Italy and Australia have a great relationship, based on solid and lasting ties, guided by shared values and principles and aimed at common strategic interests. A large and well-integrated Italian community has contributed greatly to the development of the Australian economy, society, culture and way of life.
According to the 2021 census, just over one million Australians have Italian ancestry and more than 160,000 Australian residents were born in Italy. Since international borders reopened in February 2022, many Australians decided to go to Italy on holiday, to visit their families but also and foremost because of the unique charm of the Bel Paese.
Bilateral cooperation is very deep and it applies in different areas; in science and technology, culture and the arts, as well as other fields, including issues related to security and counter-terrorism. From an economic and commercial point of view, the two countries have a solid and dynamic business base and trade has flourished despite the pandemic.
The total value of trade between Italy and Australia reached a new record in 2022. Italian exports to Australia amounted to 5,253 million euros, an increase of 22% compared to 2021 (which had already recorded a growth of 17% compared to 2020), while imports from Australia recorded an important +96% compared to 2021 (for a total of 1,195 million Euros). Italy was the 11th supplier country of Australia, second among European countries.
As usual, Italian exports were driven by machinery and equipment, food products, beverages and tobacco and means of transport, while imports mainly consisted of products from caves and mines and metals.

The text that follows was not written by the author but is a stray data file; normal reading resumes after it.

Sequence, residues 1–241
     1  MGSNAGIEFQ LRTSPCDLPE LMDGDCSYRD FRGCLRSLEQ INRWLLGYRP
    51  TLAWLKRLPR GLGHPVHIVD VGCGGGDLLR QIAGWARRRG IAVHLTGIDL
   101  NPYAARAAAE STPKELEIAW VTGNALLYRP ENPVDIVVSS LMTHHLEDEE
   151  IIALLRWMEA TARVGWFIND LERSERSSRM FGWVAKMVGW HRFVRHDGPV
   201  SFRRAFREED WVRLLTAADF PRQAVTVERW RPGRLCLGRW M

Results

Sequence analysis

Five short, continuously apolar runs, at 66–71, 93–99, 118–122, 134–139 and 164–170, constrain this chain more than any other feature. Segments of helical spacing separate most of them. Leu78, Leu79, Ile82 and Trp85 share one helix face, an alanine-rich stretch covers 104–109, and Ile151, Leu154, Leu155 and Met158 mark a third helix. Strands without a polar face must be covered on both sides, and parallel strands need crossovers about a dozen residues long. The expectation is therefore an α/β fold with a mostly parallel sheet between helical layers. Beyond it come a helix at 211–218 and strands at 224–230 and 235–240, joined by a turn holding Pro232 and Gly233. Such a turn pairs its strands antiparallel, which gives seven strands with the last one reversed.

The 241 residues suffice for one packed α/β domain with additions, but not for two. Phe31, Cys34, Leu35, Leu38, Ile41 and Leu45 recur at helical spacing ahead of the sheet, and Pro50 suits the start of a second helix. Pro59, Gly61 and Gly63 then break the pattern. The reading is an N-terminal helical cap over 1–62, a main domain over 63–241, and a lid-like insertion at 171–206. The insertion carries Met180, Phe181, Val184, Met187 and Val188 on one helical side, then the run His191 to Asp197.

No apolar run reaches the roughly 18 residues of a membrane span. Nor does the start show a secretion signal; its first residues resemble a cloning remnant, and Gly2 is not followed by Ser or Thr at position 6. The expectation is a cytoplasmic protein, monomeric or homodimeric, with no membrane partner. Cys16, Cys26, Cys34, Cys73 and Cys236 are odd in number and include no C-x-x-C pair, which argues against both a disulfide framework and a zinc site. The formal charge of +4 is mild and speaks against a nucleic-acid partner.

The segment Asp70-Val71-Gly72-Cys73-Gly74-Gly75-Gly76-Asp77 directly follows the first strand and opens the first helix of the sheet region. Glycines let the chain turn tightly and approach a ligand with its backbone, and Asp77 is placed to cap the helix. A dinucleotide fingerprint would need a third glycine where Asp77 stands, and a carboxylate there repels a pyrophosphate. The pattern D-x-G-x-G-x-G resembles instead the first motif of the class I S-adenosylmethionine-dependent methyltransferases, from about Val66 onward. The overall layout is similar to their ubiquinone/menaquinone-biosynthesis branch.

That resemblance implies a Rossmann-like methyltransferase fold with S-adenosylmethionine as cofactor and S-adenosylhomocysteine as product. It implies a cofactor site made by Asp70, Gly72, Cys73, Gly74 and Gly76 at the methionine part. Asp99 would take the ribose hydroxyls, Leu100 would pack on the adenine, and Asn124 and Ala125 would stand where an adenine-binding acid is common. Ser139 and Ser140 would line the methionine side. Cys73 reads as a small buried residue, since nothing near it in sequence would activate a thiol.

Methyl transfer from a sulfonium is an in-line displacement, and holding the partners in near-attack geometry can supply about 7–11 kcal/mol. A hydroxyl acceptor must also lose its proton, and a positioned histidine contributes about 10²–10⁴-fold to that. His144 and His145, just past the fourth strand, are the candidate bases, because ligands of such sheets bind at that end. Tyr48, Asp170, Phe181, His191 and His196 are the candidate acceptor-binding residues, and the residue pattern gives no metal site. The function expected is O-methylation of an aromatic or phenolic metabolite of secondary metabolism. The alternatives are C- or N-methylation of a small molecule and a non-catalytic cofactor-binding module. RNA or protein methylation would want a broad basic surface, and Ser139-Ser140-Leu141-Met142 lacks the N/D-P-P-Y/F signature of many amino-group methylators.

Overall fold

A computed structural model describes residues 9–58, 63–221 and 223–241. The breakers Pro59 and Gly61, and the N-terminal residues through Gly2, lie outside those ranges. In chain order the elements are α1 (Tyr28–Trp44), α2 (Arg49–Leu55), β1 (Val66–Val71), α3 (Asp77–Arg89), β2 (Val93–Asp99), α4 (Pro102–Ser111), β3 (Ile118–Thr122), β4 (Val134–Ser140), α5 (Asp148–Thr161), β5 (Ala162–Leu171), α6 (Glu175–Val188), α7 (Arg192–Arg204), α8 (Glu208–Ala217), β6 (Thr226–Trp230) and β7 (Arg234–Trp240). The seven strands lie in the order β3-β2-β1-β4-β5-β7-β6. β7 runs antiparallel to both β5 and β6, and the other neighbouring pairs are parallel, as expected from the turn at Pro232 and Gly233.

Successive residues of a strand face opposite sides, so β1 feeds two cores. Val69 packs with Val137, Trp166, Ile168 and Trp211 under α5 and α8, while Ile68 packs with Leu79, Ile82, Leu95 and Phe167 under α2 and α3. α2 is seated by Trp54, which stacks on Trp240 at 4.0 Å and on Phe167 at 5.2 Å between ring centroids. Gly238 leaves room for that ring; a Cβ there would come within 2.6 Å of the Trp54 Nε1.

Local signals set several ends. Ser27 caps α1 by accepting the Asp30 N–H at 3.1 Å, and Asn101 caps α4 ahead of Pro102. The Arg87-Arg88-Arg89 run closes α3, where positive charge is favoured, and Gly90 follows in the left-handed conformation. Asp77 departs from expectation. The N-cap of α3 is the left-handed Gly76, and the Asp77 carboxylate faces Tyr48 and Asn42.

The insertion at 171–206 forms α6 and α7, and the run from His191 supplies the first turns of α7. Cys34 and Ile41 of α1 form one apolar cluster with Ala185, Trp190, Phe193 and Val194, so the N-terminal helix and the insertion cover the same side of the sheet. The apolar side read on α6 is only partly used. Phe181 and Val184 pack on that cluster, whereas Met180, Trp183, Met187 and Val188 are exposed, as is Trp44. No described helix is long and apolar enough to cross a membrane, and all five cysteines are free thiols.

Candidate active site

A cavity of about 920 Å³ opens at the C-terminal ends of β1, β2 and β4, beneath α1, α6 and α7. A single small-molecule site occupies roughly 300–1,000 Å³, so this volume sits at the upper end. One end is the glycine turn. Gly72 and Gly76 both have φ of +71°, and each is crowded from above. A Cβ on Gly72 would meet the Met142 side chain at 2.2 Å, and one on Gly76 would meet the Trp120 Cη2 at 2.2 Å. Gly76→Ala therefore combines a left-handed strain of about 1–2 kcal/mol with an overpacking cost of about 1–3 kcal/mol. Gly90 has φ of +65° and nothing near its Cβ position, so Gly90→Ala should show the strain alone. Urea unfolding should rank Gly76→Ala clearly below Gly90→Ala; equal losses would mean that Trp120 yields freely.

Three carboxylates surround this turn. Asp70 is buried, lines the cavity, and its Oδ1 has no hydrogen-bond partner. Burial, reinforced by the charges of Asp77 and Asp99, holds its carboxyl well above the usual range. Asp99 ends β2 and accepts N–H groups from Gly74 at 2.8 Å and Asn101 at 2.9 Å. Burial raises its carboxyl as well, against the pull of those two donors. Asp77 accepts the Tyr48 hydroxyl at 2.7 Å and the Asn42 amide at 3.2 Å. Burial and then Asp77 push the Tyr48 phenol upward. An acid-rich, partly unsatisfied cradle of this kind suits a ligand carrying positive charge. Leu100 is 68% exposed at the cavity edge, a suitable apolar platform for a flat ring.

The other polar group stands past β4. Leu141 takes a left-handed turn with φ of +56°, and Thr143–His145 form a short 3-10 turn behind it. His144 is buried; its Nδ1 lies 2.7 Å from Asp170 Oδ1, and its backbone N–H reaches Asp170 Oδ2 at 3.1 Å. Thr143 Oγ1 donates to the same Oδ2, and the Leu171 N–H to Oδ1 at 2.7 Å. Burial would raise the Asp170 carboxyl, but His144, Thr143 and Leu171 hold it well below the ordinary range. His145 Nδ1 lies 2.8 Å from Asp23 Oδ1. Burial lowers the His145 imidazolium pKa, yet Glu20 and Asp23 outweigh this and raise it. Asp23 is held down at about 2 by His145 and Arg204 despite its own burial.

The Free Trade Agreement that the European Union and Australia are negotiating will certainly represent a multiplier of opportunities. A lowering/cancellation of the taxation levels currently applied to some product categories would make them more competitive on the market, also taking into account the high transport costs. In the food & beverage sector, the recognition of new denominations of origin would have a very positive effect for Italian products (Italy is by far the country with the highest number of such recognitions in Europe).
The reduction of non-tariff barriers would facilitate Italian investments in the country as well as access to tenders. The main focus of European negotiators is to increase benefits for small and medium-sized enterprises, which are the backbone of the Italian economy.
Despite the geographical distance, there is a large presence of big Italian industrial groups and other companies which are smaller, but at the forefront of technology and innovation. In total there are about 270 Italian companies with a stable and direct presence in the market with production plants, commercial branches or representative offices, that operate in almost all sectors (energy and engineering: ENI, Enel, Saipem, Prysmian, etc. .), infrastructure and construction (Webuild, Rizzani de Eccher, Ghella, etc.), financial services (Intesa SanPaolo), fashion (Zegna, Armani, Ferragamo, Max Mara, Tod’s, Gucci, Luxottica, etc.), luxury (Ferrari , Maserati), fitness (Technogym), food products (Barilla, Lavazza, Campari, Inalca Group, Ferrero, etc.).
Scientific collaboration is very dynamic: 25 agreements are active between Australian universities or Departments and Italian universities; the two countries collaborate on important projects (such as the Square Kilometer Array and the SABER project on dark matter); there are 4,600 joint publications; the community of Italian researchers in Australia is over a thousand.
Even on a cultural level, bilateral relations are excellent thanks to the strong promotion of our culture and the “Made in Italy” carried out by the Italian community in Australia. Furthermore, the Italian language is still among the most studied foreign languages in Australia.